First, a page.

Theory:

Algae are the oldest plants on Earth. Algae belong to lower plants: they have no roots, no stems or leaves.
  • Algae are autotrophs, having chloroplasts, they can manufacture their own food through photosynthesis.
  • They reproduce by simple cell division or spores. 
  • Algae are unicellular or multicellular. Unicellular algae are in a variety of shapes such as rods, spherical, spindle, etc. Multicellular algae are ribbon-like filaments with or without branches.
Unicellular algae
Chlamydomonas a single-celled green coloured pear-shaped algae. It moves in water with the help of two flagella located at the front of its cell.
 
Externally, Chlamydomonas is covered with a transparent shell, under which are the following organelles:
  • Cytoplasm with the nucleus,
  • A red "eye" (light-sensitive red body),
  • A large vacuole filled with cell sap,
  • Two small pulsating vacuoles and
  • The chlorophyll contained in the chromatophore.
chlamydomonas.png
  • Chlamydomonas exhibit both sexual and asexual mode of reproduction.
  • The chlorophyll gives a green colour to the whole cell.
Many algae have different colours based on the type of pigments they have which are shown in the table below:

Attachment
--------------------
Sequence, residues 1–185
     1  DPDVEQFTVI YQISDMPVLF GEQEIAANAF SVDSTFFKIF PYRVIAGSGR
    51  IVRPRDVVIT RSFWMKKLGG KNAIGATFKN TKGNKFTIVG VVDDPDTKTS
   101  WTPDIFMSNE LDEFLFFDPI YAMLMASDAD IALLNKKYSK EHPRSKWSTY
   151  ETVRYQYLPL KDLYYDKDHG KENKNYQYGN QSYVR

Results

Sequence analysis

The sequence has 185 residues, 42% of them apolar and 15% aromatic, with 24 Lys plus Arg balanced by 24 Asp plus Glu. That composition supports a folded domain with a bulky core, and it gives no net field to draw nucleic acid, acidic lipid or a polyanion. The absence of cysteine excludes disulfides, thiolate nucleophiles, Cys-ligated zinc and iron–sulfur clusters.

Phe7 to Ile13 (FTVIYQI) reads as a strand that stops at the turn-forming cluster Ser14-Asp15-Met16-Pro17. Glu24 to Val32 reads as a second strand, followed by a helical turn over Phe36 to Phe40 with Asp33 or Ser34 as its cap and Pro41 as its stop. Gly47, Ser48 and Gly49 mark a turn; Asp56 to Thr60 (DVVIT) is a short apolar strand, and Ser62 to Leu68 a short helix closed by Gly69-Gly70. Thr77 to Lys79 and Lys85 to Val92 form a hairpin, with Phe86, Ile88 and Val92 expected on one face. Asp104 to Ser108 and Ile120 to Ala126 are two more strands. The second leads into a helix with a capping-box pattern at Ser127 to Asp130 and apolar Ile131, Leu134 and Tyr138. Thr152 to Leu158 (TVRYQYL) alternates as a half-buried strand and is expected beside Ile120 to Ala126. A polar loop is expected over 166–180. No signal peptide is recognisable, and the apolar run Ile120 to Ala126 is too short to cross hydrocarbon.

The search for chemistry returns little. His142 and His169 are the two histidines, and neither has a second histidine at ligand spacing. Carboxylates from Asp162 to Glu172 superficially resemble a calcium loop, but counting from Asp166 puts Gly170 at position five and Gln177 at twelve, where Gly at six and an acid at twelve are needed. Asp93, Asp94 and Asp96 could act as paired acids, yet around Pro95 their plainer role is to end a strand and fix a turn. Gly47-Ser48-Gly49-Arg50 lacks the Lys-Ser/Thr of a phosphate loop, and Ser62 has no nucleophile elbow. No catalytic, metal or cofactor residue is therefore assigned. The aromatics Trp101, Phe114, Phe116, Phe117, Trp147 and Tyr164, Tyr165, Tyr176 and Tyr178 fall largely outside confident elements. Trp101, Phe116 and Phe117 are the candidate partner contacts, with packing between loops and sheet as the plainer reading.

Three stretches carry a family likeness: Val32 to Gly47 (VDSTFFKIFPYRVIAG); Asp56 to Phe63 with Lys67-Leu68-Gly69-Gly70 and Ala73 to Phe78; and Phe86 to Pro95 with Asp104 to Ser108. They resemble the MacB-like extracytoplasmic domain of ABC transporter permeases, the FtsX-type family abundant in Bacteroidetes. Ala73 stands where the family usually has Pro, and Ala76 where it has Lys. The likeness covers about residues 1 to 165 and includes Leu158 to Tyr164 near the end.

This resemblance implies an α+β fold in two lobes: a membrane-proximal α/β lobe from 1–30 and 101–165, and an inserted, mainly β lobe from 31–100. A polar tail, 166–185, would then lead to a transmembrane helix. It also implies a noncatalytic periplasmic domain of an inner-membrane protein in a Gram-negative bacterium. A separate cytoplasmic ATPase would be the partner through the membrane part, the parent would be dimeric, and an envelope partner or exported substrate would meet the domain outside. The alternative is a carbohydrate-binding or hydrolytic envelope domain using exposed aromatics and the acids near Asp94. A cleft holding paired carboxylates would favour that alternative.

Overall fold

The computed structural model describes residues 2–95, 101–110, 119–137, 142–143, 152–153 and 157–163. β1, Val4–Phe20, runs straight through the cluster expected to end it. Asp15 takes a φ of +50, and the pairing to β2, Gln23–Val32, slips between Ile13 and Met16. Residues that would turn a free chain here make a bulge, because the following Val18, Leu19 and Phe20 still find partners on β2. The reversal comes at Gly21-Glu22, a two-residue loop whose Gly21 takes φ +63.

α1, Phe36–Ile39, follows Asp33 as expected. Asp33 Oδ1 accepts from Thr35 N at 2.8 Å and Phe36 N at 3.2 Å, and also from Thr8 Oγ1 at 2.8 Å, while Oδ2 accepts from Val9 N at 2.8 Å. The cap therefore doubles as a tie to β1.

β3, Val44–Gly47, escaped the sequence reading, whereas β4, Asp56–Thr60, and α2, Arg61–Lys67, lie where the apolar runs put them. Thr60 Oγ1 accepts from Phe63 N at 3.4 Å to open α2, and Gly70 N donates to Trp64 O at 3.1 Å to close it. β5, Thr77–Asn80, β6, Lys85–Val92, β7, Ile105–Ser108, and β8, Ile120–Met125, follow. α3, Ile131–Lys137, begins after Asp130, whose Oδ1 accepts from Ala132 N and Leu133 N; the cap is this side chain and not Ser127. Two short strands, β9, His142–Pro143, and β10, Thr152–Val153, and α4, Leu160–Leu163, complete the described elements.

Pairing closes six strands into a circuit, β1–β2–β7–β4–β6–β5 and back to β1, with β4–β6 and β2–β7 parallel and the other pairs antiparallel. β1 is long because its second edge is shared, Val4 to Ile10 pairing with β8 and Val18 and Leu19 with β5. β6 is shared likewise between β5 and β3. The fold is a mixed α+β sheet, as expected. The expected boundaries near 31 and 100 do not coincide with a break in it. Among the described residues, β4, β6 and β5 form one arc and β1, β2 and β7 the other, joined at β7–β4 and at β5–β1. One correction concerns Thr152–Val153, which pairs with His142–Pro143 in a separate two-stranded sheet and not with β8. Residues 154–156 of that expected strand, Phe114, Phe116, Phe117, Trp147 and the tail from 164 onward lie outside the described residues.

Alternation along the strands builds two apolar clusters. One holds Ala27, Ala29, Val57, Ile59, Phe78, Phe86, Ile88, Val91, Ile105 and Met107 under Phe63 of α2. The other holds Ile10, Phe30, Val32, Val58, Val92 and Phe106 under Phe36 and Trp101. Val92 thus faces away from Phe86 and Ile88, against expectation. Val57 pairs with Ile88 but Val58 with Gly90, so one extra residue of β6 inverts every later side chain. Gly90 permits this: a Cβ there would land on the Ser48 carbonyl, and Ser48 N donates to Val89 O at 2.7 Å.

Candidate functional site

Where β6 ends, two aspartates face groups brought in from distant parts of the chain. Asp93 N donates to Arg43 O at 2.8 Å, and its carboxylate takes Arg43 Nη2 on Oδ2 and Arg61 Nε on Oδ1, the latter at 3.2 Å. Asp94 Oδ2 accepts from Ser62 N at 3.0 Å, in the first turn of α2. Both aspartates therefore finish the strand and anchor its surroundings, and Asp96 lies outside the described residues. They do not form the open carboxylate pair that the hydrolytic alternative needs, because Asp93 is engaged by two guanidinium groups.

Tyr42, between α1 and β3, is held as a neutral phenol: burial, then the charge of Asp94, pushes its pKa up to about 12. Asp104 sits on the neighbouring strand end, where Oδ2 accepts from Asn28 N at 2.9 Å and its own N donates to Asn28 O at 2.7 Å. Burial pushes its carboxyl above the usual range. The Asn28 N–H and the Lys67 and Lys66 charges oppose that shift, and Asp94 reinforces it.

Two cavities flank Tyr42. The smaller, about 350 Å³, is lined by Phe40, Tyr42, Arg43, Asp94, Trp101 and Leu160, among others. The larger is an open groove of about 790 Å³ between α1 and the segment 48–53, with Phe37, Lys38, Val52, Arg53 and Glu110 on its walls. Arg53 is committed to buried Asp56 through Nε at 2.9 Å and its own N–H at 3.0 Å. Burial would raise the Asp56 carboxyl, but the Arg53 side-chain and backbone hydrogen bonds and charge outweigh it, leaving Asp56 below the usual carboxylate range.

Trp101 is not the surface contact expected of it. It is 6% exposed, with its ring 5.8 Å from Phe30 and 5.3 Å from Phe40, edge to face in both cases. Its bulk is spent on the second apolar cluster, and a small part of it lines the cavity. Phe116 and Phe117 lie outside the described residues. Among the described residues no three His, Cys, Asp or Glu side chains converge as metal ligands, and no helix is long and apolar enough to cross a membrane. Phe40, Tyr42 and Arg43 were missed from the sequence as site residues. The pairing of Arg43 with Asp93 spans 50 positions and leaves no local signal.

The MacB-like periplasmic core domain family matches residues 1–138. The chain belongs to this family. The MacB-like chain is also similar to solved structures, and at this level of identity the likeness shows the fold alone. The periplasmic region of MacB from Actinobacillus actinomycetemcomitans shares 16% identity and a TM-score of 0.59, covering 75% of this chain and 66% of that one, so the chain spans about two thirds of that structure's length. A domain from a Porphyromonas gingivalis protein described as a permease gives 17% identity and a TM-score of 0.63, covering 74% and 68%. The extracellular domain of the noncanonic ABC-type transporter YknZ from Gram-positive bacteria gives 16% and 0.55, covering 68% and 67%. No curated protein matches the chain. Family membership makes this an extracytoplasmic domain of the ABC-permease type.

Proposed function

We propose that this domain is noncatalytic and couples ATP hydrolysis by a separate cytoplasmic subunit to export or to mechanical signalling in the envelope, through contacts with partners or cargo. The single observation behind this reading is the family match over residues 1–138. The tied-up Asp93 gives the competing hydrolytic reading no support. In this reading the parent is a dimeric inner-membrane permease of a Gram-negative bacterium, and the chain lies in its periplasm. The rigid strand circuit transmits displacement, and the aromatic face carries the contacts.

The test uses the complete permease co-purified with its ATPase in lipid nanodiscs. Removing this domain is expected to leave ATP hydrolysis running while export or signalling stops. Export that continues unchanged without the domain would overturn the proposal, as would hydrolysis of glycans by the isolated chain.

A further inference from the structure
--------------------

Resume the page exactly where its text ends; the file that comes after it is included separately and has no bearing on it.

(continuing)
Colour of the algaePigment
red phycoerythrin
brown fucoxanthin
yellow xanthophylls
blue phycocyanin
 
Chlorella is another unicellular green algae that are widespread in freshwater and wet soils.
Multicellular algae
In multicellular representatives of algae, the body of the algae has the form of threads or flat leaf-like formations.
 
Slippery bright green lumps often float or settle to the bottom in stagnant and slow-flowing waters. They look like cotton wool and formed accumulations of filamentous algae Spirogyra. Elongated cylindrical Spirogyra cells are covered with mucus. Inside the cells are chromatophores in the form of spirally twisted bands.

spirogyra.jpg
 
Multicellular green algae also live in the waters of the seas and oceans. An example of such algae is the Ulva, or sea ​​lettuce, about 30 cm long and only two cells thick.
 
Choral algae that live in freshwater bodies have the most complex structure in this group of plants. These numerous green algae look like horsetails. Choral alga Nitella, or flexible glitter, is often grown in aquariums.